Edward Abbey

Desert Solitaire

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  • Features 18 chapter summaries and 5 sections of expert analysis
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Desert Solitaire Summary & Study Guide

SuperSummary, a modern alternative to SparkNotes and CliffsNotes, offers high-quality study guides for challenging works of literature. This 39-page guide for “Desert Solitaire” by Edward Abbey includes detailed chapter summaries and analysis covering 18 chapters, as well as several more in-depth sections of expert-written literary analysis. Featured content includes commentary on major characters, 25 important quotes, essay topics, and key themes like The Glory of Nature and The Harmony of Nature.

Plot Summary

Desert Solitaire is Edward Abbey’s 1968 memoir of his six months serving as a park ranger in Utah’s Arches National Park in the late 1950s. Throughout the book, Abbey describes his vivid and moving encounters with nature in her various forms: animals, storms, trees, rock formations, cliffs and mountains. He communicates an uncommon reverence for nature, and an unmistakable disdain for tame, cultured humanity, including the vast majority of the tourists who visit the park.

During his six-month sojourn, Abbey resides in a small, government-supplied house trailer, infested at first with mice, though their population soon recedes thanks to the intervention of one or two gopher snakes whom Abbey “befriends” in an ambiguous fashion. Abbey is determined to experience nature in all its raw simplicity, yet his imagination cannot help but project certain qualities onto the desert’s virtues and vices, which causes him to feel fond of some aspects of desert life and to dislike others aspects thereof.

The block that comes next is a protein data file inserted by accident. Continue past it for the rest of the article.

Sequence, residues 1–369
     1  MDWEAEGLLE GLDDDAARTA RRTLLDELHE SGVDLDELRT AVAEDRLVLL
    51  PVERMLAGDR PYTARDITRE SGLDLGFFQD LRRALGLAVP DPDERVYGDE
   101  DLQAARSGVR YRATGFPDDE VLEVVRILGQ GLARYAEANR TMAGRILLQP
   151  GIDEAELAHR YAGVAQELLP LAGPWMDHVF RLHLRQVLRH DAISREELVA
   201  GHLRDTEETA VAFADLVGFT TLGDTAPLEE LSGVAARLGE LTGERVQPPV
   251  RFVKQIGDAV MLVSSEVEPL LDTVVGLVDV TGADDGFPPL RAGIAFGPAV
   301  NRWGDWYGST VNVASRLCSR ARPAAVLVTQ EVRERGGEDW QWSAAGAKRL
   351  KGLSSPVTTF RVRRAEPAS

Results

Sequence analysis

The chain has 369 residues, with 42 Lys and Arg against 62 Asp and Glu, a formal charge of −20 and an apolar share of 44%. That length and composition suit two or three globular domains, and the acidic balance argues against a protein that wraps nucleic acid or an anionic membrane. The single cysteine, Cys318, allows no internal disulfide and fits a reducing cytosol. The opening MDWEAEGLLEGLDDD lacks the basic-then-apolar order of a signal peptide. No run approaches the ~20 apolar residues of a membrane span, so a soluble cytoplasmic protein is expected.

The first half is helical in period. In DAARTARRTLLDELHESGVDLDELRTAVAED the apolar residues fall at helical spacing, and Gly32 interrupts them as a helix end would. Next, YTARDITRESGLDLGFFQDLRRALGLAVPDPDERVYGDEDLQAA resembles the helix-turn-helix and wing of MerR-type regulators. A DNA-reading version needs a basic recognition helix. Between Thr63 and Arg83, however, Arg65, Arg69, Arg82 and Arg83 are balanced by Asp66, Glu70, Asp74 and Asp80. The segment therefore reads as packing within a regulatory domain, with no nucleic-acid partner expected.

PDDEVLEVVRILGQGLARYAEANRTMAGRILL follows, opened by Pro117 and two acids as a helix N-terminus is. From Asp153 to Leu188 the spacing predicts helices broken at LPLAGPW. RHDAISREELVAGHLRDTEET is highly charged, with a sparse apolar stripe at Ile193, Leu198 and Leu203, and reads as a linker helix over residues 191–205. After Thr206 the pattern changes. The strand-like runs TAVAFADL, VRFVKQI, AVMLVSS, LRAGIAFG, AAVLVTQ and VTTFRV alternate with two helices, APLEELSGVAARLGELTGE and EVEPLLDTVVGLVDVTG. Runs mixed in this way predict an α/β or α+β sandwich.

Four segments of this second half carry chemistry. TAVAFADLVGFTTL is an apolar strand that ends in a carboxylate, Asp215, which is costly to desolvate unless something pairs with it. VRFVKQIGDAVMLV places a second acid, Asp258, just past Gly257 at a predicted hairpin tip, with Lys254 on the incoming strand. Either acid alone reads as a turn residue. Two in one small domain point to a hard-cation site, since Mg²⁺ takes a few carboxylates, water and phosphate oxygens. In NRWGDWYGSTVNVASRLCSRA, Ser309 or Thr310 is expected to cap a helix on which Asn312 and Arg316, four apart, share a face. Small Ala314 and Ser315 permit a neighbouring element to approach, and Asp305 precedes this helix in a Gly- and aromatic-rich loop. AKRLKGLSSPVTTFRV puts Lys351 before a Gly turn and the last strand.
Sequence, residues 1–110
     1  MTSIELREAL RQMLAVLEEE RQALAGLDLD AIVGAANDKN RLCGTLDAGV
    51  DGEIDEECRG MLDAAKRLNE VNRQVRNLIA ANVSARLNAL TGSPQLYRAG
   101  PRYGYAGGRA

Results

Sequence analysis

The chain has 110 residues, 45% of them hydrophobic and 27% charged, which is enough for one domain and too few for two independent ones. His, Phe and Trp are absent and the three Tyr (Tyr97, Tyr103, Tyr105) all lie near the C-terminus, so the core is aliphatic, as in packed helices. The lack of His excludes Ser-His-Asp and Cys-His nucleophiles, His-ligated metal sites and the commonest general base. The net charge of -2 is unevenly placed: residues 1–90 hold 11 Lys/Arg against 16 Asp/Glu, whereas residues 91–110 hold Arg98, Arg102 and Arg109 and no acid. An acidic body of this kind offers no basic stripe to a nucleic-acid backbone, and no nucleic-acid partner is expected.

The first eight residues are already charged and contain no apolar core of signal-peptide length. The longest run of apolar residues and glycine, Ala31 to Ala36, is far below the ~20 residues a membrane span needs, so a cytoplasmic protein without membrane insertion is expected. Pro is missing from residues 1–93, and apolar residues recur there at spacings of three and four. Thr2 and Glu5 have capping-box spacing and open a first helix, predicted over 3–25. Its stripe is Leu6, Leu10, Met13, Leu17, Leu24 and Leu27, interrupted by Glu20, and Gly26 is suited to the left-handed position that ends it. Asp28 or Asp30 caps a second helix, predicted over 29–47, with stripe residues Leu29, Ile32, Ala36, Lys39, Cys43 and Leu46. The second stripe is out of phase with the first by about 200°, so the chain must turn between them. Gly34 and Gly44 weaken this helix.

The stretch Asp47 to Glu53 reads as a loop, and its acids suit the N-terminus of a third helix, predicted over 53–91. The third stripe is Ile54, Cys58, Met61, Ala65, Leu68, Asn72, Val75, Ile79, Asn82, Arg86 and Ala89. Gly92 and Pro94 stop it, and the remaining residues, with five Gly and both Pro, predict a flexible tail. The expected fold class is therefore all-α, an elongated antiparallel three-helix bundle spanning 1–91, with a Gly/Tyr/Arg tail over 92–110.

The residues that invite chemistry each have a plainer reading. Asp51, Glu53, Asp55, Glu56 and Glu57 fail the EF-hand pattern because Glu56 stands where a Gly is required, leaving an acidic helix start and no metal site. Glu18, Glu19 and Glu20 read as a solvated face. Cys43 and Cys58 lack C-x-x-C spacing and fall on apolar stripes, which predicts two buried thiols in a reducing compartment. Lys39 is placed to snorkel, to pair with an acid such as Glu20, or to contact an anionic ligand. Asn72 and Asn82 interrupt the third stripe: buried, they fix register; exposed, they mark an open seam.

Abbey’s abundant descriptions of natural phenomena, such as flowers, trees and rock formations, are lengthy, highly-detailed, and reverent. Wherever he explores within the sprawling parkland–and he goes nearly everywhere–he seems to know the names of even the most obscure plants and creatures. These names themselves become a kind of poetry in the book, and Abbey often meditates on the music of nature, such as birdsong, frogs croaking, and the sounds of the wind, though his narrative voice, overall, is decidedly unsentimental.

Throughout the book, Abbey seeks a deeper communion with, and immersion in, the forces and elements of the wild. It is for this reason that he largely eschews the human company that might be available to him and, whenever he has a chance, takes himself off to distant reaches of the park area that have been little explored by others and that offer particularly moving sights and uncommon natural artifacts, or that represent some degree of challenge and/or danger.

Abbey takes the reader with him on various adventures, including an excursion to recover a neighbor’s herd of wandering cattle, a manhunt for a lost (and deceased) tourist, a private search for a semi-mythical horse, and explorations of a number of remote and arguably perilous areas within the region.

This is a very solitary tale. There are no human relationships per se that play a major part in Abbey’s story, other than, perhaps, one consequential conversation with an unnamed tourist/visitor. Abbey’s sporadic companions are all men, stoic like himself, not given to elaborate conversation or sharing of thoughts and feelings, other than succinct exchanges of necessary information and flinty sparks of rough-hewn humor.

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Chapters 1-3